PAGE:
Perhaps Nelson’s biggest contribution was getting Scott’s name out there. Chanin didn’t decide on going the basketball route until her junior year of high school but they found a perfect way get eyeballs on her.

“We decided that when she was warming up, as the rest of the players were leaving the court, she would go up and pop the rim,” Nelson recalled. “It was amazing how quickly all of a sudden coaches who weren’t giving her a look at all were now zoning in on her and asking questions about her. As coaches were watching the play, then they began to see the things that we saw, the rebounding ability, the running the court ability.”

Joseph, who had previously recruited Nelson-coached players, was one of those coaches, and closed the deal.

Scott was thrilled about being wooed by Tech, admitting that getting to play for Joseph was the icing on the cake.

“If you look at their academics for Engineering, they are at the top of the list,” said the Biomedical Engineering major. “I’m from Charlotte, so I’m from a big city where there is a lot of activity and fun, entertaining things to do. Going to Atlanta could be an upgrade. Georgia Tech is also three and a half to four hours away from home. I have a chance to grow up on my own and I have a chance for my family to visit me and it’s not too far in case of an emergency. And the basketball program is great. I’m just happy to be here.”

Scott may be “just happy to be here” but is playing with much greater poise.

“The thing that I really like about her in her game is that nothing fazes her,” said Joseph. “She’s the same whether you’re playing Georgia or you’re playing Alabama State. She’s going to approach the game the same way.”

As far as Scott is concerned, every opponent presents the same challenge to shut down the player against whom she’s matched up. Against Georgia, that was their junior point guard Haley Clark, who she helped wear out, nearly shut out (she was 0-for-5 shooting, one point, two assists vs. four turnovers) and foul out.

Meeting other team’s best is nothing new and isn’t limited to position.

“She is highly competitive and that has served her well,” said Nelson. “She was able to take the skill from volleyball of being able to go up and block balls, so her ability to block shots was incredible because her timing was good, she could do it without fouling. Because she’s so agile and long, we were able to use her on the other team’s best player, regardless of what position they played. So we’d go to play Blackman and she starts out guarding Crystal Dangerfield, who is a UConn freshman right now. Later on she moves over and is guarding a long, wing player, Meme Jackson, who is a sophomore now at the University of Tennessee. We were able to move her to try to stymie the other team’s offense by taking the best player out of the offense. It didn’t matter if it was a post player, a wing player or a point guard. She could guard them all.”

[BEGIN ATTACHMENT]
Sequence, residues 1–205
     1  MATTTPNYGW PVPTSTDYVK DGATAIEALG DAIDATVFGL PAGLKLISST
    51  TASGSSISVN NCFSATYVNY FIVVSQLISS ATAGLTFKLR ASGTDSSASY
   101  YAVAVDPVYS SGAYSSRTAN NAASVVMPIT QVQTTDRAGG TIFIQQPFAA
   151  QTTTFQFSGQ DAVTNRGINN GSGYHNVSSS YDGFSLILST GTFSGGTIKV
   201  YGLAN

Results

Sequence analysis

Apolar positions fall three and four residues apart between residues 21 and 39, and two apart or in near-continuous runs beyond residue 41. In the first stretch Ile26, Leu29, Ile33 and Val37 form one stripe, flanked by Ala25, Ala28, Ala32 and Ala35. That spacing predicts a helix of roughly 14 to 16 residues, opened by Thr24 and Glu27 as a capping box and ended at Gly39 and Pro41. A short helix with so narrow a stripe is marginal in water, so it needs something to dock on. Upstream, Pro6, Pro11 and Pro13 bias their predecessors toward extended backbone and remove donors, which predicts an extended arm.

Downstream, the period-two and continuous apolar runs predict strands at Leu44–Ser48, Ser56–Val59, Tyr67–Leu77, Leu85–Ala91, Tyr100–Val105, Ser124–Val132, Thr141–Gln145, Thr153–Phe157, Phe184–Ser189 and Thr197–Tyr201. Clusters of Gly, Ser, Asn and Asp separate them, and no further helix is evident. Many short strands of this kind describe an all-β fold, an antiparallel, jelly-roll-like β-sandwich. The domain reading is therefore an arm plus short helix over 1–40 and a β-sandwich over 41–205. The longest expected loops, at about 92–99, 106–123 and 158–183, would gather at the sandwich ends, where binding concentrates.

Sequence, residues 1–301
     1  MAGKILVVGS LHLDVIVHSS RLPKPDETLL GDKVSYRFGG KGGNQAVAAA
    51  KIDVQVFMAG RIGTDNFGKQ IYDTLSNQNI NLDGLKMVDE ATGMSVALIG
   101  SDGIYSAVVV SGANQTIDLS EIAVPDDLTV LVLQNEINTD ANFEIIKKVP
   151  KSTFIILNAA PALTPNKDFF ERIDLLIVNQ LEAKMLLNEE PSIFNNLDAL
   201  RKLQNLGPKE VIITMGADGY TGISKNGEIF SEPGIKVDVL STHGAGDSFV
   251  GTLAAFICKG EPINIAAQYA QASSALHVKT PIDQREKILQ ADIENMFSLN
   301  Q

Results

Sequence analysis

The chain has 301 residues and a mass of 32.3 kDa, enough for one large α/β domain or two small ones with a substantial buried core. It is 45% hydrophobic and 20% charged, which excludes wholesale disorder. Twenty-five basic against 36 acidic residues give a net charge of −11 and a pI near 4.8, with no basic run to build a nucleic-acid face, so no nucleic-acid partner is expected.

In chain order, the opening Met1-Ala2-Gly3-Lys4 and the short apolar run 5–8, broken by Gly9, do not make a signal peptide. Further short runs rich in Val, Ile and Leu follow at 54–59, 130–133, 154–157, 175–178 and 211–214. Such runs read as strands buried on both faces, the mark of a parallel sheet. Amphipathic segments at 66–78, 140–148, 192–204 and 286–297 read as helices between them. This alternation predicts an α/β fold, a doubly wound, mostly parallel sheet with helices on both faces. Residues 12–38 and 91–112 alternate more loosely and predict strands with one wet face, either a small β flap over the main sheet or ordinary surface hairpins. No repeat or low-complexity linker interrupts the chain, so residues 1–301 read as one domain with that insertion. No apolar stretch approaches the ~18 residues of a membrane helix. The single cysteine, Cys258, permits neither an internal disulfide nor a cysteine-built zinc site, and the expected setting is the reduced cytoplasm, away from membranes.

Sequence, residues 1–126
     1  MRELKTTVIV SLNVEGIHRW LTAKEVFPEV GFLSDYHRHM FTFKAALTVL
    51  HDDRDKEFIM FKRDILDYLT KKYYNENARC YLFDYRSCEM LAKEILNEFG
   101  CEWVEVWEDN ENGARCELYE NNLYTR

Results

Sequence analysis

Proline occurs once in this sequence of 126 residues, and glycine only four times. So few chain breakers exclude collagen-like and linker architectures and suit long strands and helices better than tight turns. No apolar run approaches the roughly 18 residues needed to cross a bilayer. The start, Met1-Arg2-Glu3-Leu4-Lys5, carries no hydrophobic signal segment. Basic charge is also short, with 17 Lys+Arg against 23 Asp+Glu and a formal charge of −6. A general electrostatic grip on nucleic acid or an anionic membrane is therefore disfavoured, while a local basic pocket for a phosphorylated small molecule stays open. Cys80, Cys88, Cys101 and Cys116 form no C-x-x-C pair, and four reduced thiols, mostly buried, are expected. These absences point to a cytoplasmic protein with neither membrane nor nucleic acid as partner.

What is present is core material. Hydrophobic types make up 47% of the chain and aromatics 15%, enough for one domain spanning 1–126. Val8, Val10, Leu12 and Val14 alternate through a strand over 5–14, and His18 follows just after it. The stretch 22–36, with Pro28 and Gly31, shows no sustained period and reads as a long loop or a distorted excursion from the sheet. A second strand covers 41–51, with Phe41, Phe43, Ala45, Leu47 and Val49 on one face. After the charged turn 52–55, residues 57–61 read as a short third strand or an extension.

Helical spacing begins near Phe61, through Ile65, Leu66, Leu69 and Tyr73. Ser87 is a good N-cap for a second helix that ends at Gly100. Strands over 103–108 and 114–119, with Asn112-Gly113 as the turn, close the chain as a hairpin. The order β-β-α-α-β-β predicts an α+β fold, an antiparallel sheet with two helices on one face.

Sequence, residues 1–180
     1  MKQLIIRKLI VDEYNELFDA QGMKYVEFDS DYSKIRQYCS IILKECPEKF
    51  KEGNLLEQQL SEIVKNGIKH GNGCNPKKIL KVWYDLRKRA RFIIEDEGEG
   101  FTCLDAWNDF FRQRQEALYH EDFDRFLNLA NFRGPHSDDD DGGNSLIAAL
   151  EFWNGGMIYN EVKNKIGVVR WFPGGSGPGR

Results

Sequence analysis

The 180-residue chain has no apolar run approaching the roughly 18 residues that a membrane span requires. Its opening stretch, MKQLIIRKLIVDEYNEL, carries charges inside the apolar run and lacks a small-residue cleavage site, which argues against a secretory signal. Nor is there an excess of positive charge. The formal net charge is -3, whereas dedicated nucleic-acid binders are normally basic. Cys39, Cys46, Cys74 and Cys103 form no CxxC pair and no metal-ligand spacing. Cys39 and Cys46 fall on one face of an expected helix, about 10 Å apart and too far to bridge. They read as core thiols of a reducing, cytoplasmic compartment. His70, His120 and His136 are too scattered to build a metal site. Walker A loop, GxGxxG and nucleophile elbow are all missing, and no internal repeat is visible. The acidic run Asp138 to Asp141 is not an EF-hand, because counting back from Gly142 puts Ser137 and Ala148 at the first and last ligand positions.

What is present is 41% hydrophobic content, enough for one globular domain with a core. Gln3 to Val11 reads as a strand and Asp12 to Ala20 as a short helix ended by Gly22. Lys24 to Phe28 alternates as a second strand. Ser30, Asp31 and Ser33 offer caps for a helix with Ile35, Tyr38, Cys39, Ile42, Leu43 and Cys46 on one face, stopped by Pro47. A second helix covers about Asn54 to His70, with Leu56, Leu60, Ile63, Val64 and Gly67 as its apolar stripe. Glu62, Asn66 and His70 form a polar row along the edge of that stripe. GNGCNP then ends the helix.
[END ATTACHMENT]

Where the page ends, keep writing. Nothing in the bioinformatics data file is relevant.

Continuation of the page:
Scott is excited about defending in the ACC, especially with how she’s already grown under Joseph.

“Coach Jo has definitely made me tougher, mentally and physically,” she said. “That’s big because before I would say I was nicer. I’ve learned being aggressive wins so I’ve become tougher.

Nelson feels the combination Scott’s skill set and her drive will see her grow in leaps and bounds.

“You have to be careful what you challenge Chanin to do because the challenge is going to be what is going to propel her to succeed,” Nelson said. “Some kids can’t succeed because they’re so afraid of failure. Chanin was never afraid of failure. She understood early in her life that when you fail at something it doesn’t mean you CAN’T do it, it just means you need to try again and you might need to try a different way. She sees failure as a stepping stone to getting where she wants to go.”

Scott is determined to develop all areas of her game.

“The reason I chose to play basketball was because I wanted to be challenged. I wanted to grow,” she said. “I have a lot of room to grow in basketball. I can improve my ball-handling, my shooting, there’s a lot of room for me to grow. It’s a good challenge.”